Genealogy Notes for the village of Aveley, Essex
A miscellany of pictures and data arising out of research into the KIRBY's family trees (but not all linked to them). This is a work in progress so please treat the data with appropriate caution. For related information see List, Place Index and Wills Index  

Graffiti dates on the church wall

Location and general description

Located in the south of Essex and not far from the Thames, Aveley is perhaps best known for the ‘Aveley Elephants’. These were to be found in 1964 (once my ancestors were long since gone but in the clay pit which has now consumed where they once lived). These were skeletons of the ‘Woolly Mammoth’, Mammuthus primigenius, and the ‘Straight Tusked Elephant’, Palaeoloxodon antiquus, from glacial deposits overlying the London Clay. The old London Clay pit has been part landfilled and part landscaped. There is a picture below of the remains of the bit alongside Romford Road. Few older buildings remain in the Romford Road area as it has been largely consumed by a later estate. One of them is the former manor of Kenningtons, now the 'Sir Henry Gurnett' public house and restaurant. This takes its current name from a former Lord of the Manor.
Reclaimed London Clay pit alongside Romford Road
When we visited the arable fields around Aveley were putting on a fine show of lovely blue Chicory around their margins.
 Field margins with Chicory Field margins with Chicory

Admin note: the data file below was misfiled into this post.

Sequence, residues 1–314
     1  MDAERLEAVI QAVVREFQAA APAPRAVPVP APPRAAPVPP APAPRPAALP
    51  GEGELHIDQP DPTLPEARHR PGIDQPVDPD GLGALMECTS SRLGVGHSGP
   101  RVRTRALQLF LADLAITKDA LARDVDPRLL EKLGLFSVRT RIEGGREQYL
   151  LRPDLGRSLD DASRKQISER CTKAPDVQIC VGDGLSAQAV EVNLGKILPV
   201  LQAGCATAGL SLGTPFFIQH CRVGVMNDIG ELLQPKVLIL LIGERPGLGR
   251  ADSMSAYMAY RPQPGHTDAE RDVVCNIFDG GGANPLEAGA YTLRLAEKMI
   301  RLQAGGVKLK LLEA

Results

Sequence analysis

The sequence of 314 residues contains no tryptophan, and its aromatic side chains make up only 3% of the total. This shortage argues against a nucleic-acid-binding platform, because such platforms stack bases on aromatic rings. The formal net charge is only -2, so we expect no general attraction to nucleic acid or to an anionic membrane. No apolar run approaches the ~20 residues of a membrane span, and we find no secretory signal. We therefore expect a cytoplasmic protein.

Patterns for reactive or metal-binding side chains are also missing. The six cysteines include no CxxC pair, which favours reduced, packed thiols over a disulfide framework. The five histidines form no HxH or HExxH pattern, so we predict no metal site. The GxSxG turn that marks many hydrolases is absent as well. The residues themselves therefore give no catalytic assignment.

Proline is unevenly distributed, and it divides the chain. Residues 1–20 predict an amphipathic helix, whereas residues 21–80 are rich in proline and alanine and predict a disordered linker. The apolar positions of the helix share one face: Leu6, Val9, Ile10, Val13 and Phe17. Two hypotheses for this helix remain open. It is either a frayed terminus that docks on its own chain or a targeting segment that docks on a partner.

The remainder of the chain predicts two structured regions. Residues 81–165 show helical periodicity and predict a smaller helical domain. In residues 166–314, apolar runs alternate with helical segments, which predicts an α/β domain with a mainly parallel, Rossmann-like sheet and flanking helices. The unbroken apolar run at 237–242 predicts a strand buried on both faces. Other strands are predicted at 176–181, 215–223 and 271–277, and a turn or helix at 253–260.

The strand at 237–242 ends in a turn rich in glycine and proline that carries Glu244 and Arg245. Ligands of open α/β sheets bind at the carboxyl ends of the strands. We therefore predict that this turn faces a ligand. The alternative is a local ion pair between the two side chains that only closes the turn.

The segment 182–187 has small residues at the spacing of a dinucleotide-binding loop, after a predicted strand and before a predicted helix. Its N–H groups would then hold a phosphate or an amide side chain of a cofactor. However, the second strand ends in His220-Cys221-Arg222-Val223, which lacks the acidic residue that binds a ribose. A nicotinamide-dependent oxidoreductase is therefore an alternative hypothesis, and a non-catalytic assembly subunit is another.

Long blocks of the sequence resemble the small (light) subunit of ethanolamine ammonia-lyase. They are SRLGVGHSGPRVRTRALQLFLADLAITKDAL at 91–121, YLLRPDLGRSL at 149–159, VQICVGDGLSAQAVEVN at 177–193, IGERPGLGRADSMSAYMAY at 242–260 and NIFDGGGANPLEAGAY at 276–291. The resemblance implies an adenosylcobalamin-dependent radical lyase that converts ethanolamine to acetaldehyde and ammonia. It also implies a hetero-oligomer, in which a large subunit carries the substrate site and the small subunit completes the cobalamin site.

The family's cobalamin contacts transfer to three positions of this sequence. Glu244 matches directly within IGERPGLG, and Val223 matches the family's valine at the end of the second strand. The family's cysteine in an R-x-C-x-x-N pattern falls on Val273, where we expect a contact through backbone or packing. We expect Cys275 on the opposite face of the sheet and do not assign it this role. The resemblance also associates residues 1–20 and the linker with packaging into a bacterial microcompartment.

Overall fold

A selection of those that had, or might have had, connections with this family. 

St Michael's Church

Whilst some erected brasses within the church, outside a very different type of monument was in the making. Every easily accessible brick in the rear wall of St Michael's Church has graffiti carved in it. Some apparently dating back over 250 years.
Graffiti inscribed bricks Church of St Michael, Aveley 


A selection of those that had, or might have had, connections with this family. 

The KIRBY family

The family of John KIRBY lived in Romford Road in the 19th C. Other relatives lived locally including GURNETT and SCOTT families, some of whom are listed on the John KIRBY page. The author of this page used to collect fossils from the clay pit into which the old Kirby homestead probably disappeared, never realising how close to his family roots he was.

The GURNETT family

The GURNETT family were at one time lords of the local manor. The KIRBY family married into a GURNETT family.

Related Links

A selection of links to other sites with information about this place or nearby places


Any transcripts and images on this page are Copyright R I Kirby 2005 unless stated otherwise.